NFC West: Omar Jacobs
Mike Sando: Warner led the Cardinals to the Super Bowl and gave his team the lead in the final minutes. If the 49ers thought McNabb could take them to that level, they should acquire him right now. We already know McNabb can be a productive, Pro Bowl-caliber quarterback. I also think a team could win a championship with him. Too much is made of the fact that McNabb lost a Super Bowl and hasn't gotten the Eagles back to one since. Five Super Bowls have passed since Tom Brady won one and no one is saying the Patriots need a new quarterback. They're tough to win!
The evidence on Smith and Carr suggests neither will become productive perennially. I do think the 49ers have enough invested in Smith to have an interest in seeing him through this season. They've strived for continuity for so long. Another quarterback change would entail starting over once again.
The question is really whether McNabb could take the 49ers to a level they likely wouldn't reach with Smith or Carr. My money would be on McNabb. But if I had invested the first overall choice in Smith and felt as though he might be on the verge of finally breaking through, I wouldn't replace him lightly.
Jason from Rochester, N.Y., writes: Hey Mike, even though Seattle signed Charlie Whitehurst, we know that general manager John Schneider likes to draft a QB every year. Any chance they use a late-rounder on local boy, Matt Nichols? Also, aren't they showing their hand a bit on where they will be drafting by purging both Cory Redding and Darryl Tapp? Edge pass rush was their most obvious need even with those two on the roster. With Julius Peppers signed, the pickings are slim in the free-agent market. Do you think No. 14 is going to be used for a defensive end?
Mike Sando: I agree that the Seahawks have subtracted somewhat unnecessarily as if determining what they don't want before having adequate reinforcements on board. This is what teams tend to do when new regimes take over. It's not just a Seattle thing. It also might tell us where the previous regime overvalued certain players. And then when you factor in changes made for scheme reasons, it's another reminder that NFL franchise makeovers come at a high price.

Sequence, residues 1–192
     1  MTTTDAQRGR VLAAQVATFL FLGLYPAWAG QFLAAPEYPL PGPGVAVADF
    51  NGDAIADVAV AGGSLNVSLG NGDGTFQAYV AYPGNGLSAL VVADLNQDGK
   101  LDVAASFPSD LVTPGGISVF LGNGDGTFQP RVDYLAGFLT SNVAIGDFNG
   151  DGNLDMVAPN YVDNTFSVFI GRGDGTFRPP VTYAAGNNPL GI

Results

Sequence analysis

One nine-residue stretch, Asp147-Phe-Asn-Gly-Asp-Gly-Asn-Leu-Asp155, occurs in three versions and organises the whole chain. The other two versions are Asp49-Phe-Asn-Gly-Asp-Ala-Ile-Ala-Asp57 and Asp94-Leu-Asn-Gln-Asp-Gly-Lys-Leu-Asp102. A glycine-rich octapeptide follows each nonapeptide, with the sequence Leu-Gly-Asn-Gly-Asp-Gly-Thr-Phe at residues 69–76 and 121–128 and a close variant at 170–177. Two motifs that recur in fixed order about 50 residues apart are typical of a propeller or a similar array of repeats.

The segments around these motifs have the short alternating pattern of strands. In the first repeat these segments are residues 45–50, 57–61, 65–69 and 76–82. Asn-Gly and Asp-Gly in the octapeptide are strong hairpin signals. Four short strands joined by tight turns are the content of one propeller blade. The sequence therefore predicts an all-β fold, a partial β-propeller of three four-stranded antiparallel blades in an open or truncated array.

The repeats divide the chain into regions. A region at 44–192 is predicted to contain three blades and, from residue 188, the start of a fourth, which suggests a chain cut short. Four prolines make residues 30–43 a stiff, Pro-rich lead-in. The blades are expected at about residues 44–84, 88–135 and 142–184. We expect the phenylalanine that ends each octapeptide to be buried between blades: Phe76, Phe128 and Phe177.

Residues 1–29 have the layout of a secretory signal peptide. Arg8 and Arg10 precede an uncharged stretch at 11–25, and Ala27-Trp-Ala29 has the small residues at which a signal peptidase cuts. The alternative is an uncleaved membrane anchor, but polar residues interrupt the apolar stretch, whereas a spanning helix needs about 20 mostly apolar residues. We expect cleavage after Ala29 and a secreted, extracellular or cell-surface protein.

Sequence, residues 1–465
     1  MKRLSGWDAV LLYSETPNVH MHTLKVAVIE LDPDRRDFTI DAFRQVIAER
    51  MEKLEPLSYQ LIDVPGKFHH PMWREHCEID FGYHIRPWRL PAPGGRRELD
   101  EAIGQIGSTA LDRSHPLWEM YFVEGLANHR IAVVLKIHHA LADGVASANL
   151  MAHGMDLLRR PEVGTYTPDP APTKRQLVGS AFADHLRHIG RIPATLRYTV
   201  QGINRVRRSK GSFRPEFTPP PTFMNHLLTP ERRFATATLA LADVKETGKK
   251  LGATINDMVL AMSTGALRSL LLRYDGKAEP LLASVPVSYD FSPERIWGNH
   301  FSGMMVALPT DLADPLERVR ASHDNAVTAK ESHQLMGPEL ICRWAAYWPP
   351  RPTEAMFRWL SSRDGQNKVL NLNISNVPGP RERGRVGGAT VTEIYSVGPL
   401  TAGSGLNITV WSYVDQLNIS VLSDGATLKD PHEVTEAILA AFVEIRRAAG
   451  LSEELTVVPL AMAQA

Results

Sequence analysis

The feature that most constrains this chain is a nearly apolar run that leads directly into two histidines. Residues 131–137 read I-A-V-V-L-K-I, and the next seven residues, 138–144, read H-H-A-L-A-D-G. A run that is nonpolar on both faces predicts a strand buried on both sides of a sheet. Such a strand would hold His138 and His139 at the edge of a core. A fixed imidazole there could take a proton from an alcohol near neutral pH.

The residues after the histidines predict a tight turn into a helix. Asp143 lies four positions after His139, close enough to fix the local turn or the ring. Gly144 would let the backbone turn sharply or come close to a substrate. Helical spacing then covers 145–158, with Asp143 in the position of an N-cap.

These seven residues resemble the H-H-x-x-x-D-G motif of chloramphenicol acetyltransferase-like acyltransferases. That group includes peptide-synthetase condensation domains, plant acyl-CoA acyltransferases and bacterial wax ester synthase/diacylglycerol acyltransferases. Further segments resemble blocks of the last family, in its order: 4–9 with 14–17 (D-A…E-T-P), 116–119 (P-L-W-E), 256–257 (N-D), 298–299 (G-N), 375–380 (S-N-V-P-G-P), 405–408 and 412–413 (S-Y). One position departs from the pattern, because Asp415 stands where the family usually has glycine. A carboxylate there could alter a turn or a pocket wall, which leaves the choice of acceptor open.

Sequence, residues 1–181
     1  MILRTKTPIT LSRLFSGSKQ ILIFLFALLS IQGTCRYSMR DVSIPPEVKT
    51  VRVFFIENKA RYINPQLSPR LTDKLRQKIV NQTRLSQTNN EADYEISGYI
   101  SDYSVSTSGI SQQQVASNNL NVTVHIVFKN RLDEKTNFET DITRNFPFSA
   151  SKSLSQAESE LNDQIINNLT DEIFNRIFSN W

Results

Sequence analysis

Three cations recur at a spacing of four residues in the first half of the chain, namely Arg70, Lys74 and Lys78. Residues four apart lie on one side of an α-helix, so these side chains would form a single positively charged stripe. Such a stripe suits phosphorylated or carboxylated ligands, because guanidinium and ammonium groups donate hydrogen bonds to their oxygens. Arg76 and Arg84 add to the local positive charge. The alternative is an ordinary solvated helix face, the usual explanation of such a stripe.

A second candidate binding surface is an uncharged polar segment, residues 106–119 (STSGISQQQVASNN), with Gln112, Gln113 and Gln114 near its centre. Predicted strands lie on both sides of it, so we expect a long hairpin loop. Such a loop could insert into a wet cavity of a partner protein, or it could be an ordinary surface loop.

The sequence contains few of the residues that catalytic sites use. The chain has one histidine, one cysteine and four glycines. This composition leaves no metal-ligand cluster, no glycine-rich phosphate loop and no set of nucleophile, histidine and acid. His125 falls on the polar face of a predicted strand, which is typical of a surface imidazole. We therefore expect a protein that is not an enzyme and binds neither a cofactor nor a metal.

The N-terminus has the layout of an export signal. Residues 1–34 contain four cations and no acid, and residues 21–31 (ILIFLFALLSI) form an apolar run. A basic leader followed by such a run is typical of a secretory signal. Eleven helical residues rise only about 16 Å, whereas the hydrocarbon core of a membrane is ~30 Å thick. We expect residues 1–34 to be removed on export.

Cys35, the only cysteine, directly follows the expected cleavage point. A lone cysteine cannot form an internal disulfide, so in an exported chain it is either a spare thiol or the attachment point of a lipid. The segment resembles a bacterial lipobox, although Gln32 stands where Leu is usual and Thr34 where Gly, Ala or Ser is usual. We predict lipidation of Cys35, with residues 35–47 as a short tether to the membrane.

Nichols does project as a late-round prospect, but there's nothing to say the Seahawks would value him over another late-rounder at the position. I do think Seattle will probably draft a quarterback for the No. 3 role. That is also pretty typical. It makes sense because if you hit on a player at that position, the payoff can be great, even if he never starts for you.
I could see the Seahawks drafting a pass-rusher at No. 6 or No. 14. It's an area the team needs to address and with two picks that early, this is the chance.
Phillip from Olympia, Wash., writes: What's going on with the Seahawks' offensive line? I thought the new regime was going to transform the group. Any news on Rob Sims since the Jim Mora tirade and the Chicago trade rumer?
Mike Sando: I've been expecting Seattle to sign a Ben Hamilton or Chester Pitts type. That could still happen. Then I think we'll see the team draft for the position as well. Sims could return, but only if the Seahawks cannot get value for him. A trade probably remains the most likely scenario.
Peyson from Shelley, Idaho writes: Why don't the Seahawks get Brandon Marshall for their 14th pick? I mean, it is like giving back their pick to the Broncos and that would solidify the wide receiver position for us for the next couple years. Then we could use the sixth pick on an offensive linemen and use our second on a defensive linemen. This year is a deep year for big running backs, so we could pick one up in the fourth round. That's the way I look at it. What do you think?
Mike Sando: Seattle would have to risk the sixth pick in signing Marshall to an offer sheet. If you're talking about a trade, why pay the 14th overall choice for Marshall now if the price drops later? I don't see a long line of teams itching for a shot to acquire Marshall. Seattle would be better off trying to use the sixth and 14th picks for starters, using a later pick for Marshall, if possible.
Michael from Phoenix writes: Mike, with the 49ers looking for help in the return game and employing a 'best player available' strategy in the draft, how can they pass up a talent like Dez Bryant? I know receiver is not a pressing need, but with Bryant's stock falling because of off-field issues, he could be a steal that they can't afford to pass up. He would provide immediate help in the return game and most scouts have him rated higher than Michael Crabtree. The more talent assembled around Alex Smith can only help his development. Although those targets would look even better with McNabb -- I'm crossing my fingers -- they can still draft a tackle with the other first-round pick and sign free agent Chester Pitts to shore up the offensive line. What do you think?